7) End the Death Tax. I would eliminate equipment degradation altogether. It serves no purpose in TSW except to irritate the player with busy work. For wealthy players, the loss of Pax to repairs is inconsequential and for poor players it simply disincentivizes the experimentation and practice needed to "git gud". The player's biggest incentive to avoid dying is death itself, that is the time wasted either in having to track down their body or re-engage a dungeon boss. In a game where the economy is a focus I could see this mechanic being useful but TSW really isn't such a game.

Mid Term Goals

Mid term goals often involve changes or additions building upon existing systems, making them more resource intensive.

1) Holy Cannoli Batman, Sabotage Missions! The notion of stealth missions in an MMO is unique and interesting. Unfortunately the way that TSW handles this is obscure and frustrating because there's no mechanic to telegraph NPC detection. What I would do is try to implement a Batman style "detective mode" that would enable the player to see a mob's cone of vision at the expense of disabling skills, forcing the player to alternate between action and stealth modes. At the very least I would implement a Thief-style light gem so that players would at least be aware of their detection risk. Giving the player adequate information is essential to turning Sabotage missions from an exercise in trial-and-error to an engaging form of gameplay. I count this as a top priority as it would provide TSW with a distinct competitive edge over other MMOs.

2) Currency. I know that this has been a long standing issue and one that basically led to an armistice after the consolidation. Unfortunately, this only mitigated the problem, failing to solve it. The root the issue isn't the number of currencies but in their lack of a defined role. As an example of the correct way to implement currencies, look at how abilities function. You have builders, actions that accumulate "weapon currency", and consumers, abilities that expend that currency for a spectacular bonus. As applied to abilities, this system works well because it is clearly defined and intuitive to the player.

But as applied to wallet currencies, the current definition of each is obscured because of the myriad ways in which they are earned and spent. Black bullion is required to upgrade equipment, but so are pax and marks of the pantheon, muddling the utility of all three. Instead I would streamline the utility of each currency so that their application can be easily communicated. The following is an example of one way the currencies could be restructured (with little modification in some cases) so that their purpose can be understood in a phrase.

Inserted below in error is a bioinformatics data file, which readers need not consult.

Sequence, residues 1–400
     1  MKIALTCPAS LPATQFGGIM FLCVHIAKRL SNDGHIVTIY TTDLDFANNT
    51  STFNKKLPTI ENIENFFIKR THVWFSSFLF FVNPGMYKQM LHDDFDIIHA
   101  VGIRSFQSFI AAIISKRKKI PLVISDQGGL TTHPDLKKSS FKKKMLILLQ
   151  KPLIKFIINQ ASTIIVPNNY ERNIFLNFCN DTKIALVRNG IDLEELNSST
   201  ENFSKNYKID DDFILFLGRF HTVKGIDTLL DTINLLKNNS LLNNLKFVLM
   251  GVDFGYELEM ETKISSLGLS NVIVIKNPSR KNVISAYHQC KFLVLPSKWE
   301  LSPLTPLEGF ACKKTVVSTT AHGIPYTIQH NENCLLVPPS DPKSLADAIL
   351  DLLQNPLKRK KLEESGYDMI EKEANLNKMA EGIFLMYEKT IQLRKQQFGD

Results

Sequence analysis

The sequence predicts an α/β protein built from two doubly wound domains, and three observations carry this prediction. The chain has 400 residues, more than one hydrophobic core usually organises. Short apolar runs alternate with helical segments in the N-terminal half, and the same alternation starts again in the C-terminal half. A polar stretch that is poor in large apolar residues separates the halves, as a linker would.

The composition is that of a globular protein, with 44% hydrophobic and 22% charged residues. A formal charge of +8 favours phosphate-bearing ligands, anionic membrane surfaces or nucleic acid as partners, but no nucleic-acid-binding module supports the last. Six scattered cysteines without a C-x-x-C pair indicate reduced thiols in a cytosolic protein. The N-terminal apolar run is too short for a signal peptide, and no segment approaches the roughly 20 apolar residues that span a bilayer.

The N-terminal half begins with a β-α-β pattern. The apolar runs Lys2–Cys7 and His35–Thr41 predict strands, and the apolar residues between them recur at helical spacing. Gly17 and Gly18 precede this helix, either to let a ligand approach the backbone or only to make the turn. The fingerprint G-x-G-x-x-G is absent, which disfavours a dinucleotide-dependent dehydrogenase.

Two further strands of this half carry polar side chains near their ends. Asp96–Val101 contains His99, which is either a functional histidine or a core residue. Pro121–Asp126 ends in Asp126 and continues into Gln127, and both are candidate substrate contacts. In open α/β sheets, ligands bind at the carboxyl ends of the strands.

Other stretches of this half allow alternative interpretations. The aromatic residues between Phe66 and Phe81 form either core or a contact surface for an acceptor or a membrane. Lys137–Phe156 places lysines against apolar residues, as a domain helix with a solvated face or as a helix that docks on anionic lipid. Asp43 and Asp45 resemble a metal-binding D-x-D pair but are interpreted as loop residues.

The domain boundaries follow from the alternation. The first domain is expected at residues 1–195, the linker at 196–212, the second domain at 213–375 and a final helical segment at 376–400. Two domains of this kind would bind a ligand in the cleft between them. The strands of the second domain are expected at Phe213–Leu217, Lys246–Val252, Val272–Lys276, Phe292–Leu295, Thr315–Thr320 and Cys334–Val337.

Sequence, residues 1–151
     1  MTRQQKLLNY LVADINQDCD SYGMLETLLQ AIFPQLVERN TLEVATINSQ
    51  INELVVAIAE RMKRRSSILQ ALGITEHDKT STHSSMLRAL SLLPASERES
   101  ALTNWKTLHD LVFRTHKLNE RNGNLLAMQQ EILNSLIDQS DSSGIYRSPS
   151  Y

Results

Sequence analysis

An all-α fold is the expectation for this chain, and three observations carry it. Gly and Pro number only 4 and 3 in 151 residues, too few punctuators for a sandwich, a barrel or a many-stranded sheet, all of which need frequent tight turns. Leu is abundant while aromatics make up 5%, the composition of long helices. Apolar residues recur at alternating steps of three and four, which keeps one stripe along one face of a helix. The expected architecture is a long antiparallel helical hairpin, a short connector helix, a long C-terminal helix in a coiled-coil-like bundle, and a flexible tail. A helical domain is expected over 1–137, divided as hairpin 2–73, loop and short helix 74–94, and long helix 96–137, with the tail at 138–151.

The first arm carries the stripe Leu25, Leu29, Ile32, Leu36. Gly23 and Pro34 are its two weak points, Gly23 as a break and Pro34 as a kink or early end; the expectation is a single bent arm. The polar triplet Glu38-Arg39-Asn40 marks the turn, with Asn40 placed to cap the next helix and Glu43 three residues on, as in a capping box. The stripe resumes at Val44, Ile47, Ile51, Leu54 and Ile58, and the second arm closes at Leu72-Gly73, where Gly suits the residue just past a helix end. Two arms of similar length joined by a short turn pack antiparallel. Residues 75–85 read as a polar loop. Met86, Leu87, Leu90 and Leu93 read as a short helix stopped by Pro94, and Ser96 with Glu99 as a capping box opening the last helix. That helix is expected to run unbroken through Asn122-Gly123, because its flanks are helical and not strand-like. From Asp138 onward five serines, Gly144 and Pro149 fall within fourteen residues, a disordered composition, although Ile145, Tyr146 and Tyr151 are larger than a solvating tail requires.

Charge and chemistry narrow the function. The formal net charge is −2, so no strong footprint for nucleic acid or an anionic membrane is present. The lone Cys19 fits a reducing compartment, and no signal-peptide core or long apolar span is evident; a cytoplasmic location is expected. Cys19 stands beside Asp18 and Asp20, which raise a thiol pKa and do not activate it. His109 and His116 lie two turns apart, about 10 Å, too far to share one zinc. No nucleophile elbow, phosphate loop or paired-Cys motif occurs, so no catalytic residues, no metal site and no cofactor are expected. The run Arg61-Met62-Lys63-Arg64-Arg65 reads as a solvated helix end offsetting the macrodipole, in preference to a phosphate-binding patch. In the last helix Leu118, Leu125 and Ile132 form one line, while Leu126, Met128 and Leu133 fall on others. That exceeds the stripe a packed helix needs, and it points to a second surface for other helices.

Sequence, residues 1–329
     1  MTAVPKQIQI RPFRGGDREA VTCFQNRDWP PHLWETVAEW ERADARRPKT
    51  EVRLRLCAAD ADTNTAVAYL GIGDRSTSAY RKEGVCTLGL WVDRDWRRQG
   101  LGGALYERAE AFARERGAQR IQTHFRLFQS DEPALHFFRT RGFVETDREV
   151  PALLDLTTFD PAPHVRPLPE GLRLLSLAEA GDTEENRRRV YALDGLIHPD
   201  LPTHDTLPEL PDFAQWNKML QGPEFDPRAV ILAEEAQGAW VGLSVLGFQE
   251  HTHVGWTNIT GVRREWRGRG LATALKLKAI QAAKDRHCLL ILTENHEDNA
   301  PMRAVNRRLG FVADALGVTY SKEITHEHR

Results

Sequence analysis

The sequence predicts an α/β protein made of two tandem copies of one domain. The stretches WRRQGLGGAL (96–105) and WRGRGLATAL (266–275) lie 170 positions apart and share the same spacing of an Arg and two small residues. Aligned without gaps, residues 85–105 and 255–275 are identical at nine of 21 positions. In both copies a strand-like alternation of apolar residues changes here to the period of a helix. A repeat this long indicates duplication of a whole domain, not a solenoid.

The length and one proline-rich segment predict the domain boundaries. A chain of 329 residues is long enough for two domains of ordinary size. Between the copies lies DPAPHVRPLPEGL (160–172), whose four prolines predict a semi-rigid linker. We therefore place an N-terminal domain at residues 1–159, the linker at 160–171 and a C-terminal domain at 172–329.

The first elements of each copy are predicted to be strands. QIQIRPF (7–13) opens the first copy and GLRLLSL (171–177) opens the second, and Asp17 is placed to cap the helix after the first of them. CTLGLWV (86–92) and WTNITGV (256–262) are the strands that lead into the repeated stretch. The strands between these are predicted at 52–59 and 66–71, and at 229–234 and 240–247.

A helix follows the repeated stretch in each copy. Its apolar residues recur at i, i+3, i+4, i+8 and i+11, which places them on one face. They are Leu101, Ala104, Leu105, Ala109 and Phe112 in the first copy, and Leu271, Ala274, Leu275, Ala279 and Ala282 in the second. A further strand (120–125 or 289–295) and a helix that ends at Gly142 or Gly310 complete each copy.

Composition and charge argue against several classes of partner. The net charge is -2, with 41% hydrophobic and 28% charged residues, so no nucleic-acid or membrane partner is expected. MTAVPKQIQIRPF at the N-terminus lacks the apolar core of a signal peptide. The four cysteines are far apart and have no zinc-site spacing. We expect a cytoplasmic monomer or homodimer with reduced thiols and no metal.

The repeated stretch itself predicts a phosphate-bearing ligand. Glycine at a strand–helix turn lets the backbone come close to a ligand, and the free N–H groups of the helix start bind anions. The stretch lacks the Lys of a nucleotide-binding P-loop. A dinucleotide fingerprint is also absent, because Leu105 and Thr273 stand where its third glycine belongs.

Marks of the Pantheon: Earned by achieving daily challenges. Spent on rare drops (e.g. signet bags) or may be converted into other currencies. This "pat on the back" currency is designed to give consistent players additional flexibility in tailoring their in-game experience.

Black Bullion: Earned by completing objectives (i.e. quests and PvP matches). Spent on weapon, talisman and glyph upgrades. This "equipment" currency is the gateway to improving the player character's combat stats.

Pax: Earned by killing mobs and completing objectives. Spent on consumable items, non-exclusive vanity items, and player conveniences (e.g. gear slots). Also used for market transactions. This is the "generic" currency, granting access to services and player experience improvements.

Marks of Venice: Earned from Fusang Quests. Used to purchase Fusang turret and custodian buffs. This "PvP" currency is exclusive to PvP applications in its accumulation and expenditure.

Lucky Coins: Earned from various cash shop purchases. Spent on exclusive vanity items. This "cash shop" currency can pretty much remain as is but may be expanded upon in the future.

Issue Sequins (multiple, various): Earned from completing quests respective to specific Issues and spent on exclusive vanity items. This "Issue" currency is a reward for players who have purchased content packs and serves as additional incentive for Buy2Play users to upgrade.

3) Set up a cabal bulletin board service. Creating a bulletin board where cabal mates could write public messages would help facilitate intra-guild communication. These messages would scroll off after a set period of days though officers would have a quota of posts they can sticky for long term use as general announcements. Since the content would be changing each time a person contributed to it, players would be more inclined to see announcements on the bulletin board than the oft-ignored MOTD. This would help cabals coordinate events and other group interactions.

4) Revitalize Scenarios. In concept, scenarios are a good idea. Unfortunately they're a (very) dull grind as implemented in TSW. I would overhaul scenarios in three ways to promote a more engaging experience. First, I would deprecate the waves of trash mobs and focus on bosses with adds thrown in to harass the players. Next, I would implement a second thread of random events to run in parallel with the existing one. This would add a layer of complexity and tension to scenarios by forcing teams to assess and engage multiple simultaneous threats. And third, I would look at applying additional mechanics to make Nightmare scenarios more distinctive in the same way that NM dungeons are to Elites. Choosing to play in nightmare mode should alter the player's approach to a scenario, rather than just the health and damage of the opponents faced.